Traces of the life led by rich and well-connected Roman soldiers have been discovered during a road improvement scheme on the A66.

A Roman grave, shards of fine pottery and post holes for housing were uncovered during an archaeological excavation where Highways England is carrying out a £5m project.

The original Roman road foundations could also be seen. It was an important link between forts and settlements in Cumbria - including Bravoniacum Roman Fort, near Kirkby Thore - with those in North Yorkshire.

Highways England project manager Steve Mason said: “As we’re essentially replacing the ancient foundations of the A66 between Low Moor and Kirkby Thore we realised before starting the work that we might come across Roman remains.

“It’s been very interesting to see what kind of things are turning up. It has added a bit more complexity to planning and delivering the improvements, but we’ve been determined from the outset to ensure that what we find on site is treated seriously and sensitively.”

Highways England worked with Guard Archaeology Ltd and Amey Consulting on the project over several months.

John-James Atkinson, excavation director for Guard, said: “Not only have we revealed the foundations of the Roman road but we have revealed traces of timber buildings that lay adjacent to the Roman road to the south west of the fort. While the timber has long since rotted away, the construction of these buildings has left post holes and pits from which we have recovered a variety of Roman pottery shards.”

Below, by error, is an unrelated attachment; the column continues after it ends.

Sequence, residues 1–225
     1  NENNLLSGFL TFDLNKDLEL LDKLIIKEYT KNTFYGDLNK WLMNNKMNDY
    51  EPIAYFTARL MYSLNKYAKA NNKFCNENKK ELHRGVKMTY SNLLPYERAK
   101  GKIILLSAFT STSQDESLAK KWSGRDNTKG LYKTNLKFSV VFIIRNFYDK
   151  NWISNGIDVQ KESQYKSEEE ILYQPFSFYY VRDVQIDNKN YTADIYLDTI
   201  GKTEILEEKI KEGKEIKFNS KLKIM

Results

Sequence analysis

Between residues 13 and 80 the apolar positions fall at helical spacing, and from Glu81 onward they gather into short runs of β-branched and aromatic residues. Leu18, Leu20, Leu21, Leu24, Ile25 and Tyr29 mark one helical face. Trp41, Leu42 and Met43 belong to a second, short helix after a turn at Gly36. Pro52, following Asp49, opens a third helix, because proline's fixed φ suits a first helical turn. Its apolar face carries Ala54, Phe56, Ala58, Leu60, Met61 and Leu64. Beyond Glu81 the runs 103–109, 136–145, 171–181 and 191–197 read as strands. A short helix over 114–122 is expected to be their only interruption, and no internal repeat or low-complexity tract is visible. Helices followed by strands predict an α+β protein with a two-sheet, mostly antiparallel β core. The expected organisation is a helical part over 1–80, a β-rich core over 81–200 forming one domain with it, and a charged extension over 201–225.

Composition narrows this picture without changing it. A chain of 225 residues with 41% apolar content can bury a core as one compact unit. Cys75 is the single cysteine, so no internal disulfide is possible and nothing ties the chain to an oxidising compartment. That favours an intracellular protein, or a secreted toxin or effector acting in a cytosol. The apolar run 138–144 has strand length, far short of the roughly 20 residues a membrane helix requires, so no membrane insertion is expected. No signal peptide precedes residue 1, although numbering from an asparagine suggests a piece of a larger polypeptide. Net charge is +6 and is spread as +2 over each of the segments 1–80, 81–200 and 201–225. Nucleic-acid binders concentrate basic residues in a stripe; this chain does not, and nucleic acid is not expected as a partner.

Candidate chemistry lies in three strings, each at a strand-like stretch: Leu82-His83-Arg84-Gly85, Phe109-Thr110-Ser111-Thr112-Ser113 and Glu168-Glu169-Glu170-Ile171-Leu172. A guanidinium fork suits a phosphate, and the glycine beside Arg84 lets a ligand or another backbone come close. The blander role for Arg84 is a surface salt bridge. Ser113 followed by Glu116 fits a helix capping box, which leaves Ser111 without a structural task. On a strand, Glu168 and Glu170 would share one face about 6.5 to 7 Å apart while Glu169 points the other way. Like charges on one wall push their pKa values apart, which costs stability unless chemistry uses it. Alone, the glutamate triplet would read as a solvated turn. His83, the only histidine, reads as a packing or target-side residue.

The shards include Samian pottery, used as fine tableware for rich and well-connected soldiers and citizens; amphorae, which may have once held wine or olive oil from the Mediterranean; and common greyware and coarseware made in Roman Britain itself.

Before on any new road or major upgrade Highways England is required by law to agree plans of how it will deal with the effects a scheme has on its immediate environment, including local communities, wildlife and plants, and any archaeological finds.